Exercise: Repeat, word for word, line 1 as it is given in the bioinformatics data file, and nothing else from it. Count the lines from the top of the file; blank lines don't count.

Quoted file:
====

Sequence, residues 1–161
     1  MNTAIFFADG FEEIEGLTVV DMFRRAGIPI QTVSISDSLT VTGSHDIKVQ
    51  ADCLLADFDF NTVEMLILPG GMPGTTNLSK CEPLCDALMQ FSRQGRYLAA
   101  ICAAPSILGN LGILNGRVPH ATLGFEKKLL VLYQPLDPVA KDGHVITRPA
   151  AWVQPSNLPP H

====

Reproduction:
Sequence, residues 1–161